Giving your brother or sister a boost in faith, is to the glory of God. Saving someone for Christ is to the glory of God. Paul wanted the church to be a good witness of God's love and of Christ's sacrifice. He wants the people to be a stepping stone, not a stumbling block. Instead of placing a big concrete barrier in the path of a fellow believer or someone seeking Christ, he wants the people to place a stone over the creek of difficulty that person may be facing. If they have come to a rough spot in their walk of faith. If they had come to a wide and deep stream which they were scared to cross, Paul is telling the Corinthians to help them across the stream, not make them fall in.


We must not make people fall into the waters of their troubles either. We must be a servant to them, and help them across whatever difficulty they are facing.  We are to be a bridge, not a barrier; a stepping stone, not a stumbling block. If my friends from college had not brought a keg along to the party, or if they had brought some non-alcoholic beverage along, then they would have been imitating this type of service. They would have respected the other person's conscience and their actions would have been to the glory of God. They could have shown God's love and encouraged their brothers and sisters in Christ and any non-Christians at the party. They could have been a blessing to the others there.

To be that blessing to others we are to mimic Paul, just as he mimicked Christ. We are to be all things to all people, not seeking our own advantage, but the advantage of many, so that they might be saved. It is to God's glory when people come to Christ. When the Holy Spirit works through us, when we share the gospel with someone else, and when the Spirit brings them to Christ, it is to God's glory. God gives us the ability to be shining lights to others, be they Christian or not. As Paul says, “All this is for your benefit, so that the grace that is reaching more and more people may cause thanksgiving to overflow to the glory of God.” (2 Cor 4:15). When we lead people to Christ, we add to the glory of God. When we live in harmony with each other, we add to the glory of God. When we love each other, and bear one another's burdens, we add to the glory of God. When we serve one another, we add to the glory of God.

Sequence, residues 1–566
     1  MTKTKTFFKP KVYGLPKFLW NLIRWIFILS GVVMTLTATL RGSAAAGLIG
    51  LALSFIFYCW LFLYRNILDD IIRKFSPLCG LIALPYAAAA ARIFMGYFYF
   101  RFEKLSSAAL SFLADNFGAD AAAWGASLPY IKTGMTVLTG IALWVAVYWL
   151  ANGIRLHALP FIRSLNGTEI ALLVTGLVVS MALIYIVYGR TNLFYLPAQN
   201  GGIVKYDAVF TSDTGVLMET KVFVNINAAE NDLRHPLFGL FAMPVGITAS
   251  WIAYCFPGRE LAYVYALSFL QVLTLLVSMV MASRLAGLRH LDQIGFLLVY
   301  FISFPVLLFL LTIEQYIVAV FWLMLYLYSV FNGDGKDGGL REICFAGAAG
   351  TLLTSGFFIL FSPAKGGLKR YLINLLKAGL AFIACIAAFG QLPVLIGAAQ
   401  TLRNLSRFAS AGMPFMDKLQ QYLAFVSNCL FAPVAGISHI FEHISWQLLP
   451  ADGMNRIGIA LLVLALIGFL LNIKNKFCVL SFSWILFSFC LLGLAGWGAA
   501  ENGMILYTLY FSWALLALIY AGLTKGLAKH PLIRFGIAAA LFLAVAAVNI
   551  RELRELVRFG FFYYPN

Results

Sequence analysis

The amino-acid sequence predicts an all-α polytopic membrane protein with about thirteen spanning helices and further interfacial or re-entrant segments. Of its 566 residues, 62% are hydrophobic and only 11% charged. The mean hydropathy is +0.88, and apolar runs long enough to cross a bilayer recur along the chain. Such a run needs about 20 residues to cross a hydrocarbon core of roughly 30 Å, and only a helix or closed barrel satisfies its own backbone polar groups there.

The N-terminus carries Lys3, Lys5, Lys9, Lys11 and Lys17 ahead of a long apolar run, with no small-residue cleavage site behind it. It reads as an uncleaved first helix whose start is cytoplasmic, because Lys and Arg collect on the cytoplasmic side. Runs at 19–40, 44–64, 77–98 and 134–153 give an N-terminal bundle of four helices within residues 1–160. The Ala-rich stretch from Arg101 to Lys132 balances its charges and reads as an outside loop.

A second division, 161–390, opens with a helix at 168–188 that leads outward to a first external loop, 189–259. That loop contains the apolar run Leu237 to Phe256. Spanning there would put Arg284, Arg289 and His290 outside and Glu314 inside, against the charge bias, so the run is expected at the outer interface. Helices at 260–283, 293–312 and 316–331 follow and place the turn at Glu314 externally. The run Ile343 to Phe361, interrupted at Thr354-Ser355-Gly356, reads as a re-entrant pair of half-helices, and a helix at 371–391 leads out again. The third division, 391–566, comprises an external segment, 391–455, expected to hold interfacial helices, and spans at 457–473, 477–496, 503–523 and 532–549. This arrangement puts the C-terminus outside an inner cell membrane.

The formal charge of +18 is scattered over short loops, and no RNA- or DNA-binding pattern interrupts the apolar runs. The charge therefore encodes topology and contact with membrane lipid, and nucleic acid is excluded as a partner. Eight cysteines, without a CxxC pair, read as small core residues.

Christ came down from earth, not to be served, but to serve, and to give his life as a ransom for many (Mt 20:28). The Word, who was God before the beginning of time, through whom all things were created, he came down to be our servant (Jn 1:1-3). He came to save us. He is our Lord and master, but he comes to serve. He came to administer to all our needs. He came to provide us with what we need. God gave us the opportunity to share God's light with those in darkness. God gave us the opportunity to help each other grow in the faith. God gave us the opportunity to share in the way he blesses others. God gave us the opportunity to be a blessing to others. God gave us the opportunity to be servants to each other. There is nothing more rewarding than helping to lead someone to Christ. To know that God used you to reconcile that person to himself. Christ has saved us, not so that we can hide our light under a basket, but so that we can let our light shine to all men, so that they might be saved through us. God has chosen to work through us. He has given us treasures of immense worth, inside our cracked clay pots. God gave us the most valuable thing ever to have been found. God gave us the message of salvation by faith in Christ Jesus as our atoning sacrificed. We have been baptised into Christ so that we may live for him. That is why Paul urges us to test our actions.


Here are some practical ways to see if something you are going to do is something you should do. 1) Is it to the good of your neighbour? Does it build them up, or tear them down? Does it make you a stumbling block, or a stepping stone? 2) Is it to the glory of God? Does it glorify Christ? Does it lead others to Christ? Does it help someone along in their faith? These are questions we can ask ourselves before we do something, because we are to do everything to the good of our neighbour, and to the glory of God.

Let us Pray

Lord God, thank you for loving us so much. Thank you for using us to be lights to people in darkness. Thank you for using us to bring people to you. Help us to be stepping stones to others, and not stumbling blocks. Help us to do everything for the good of our neighbour, and for your glory.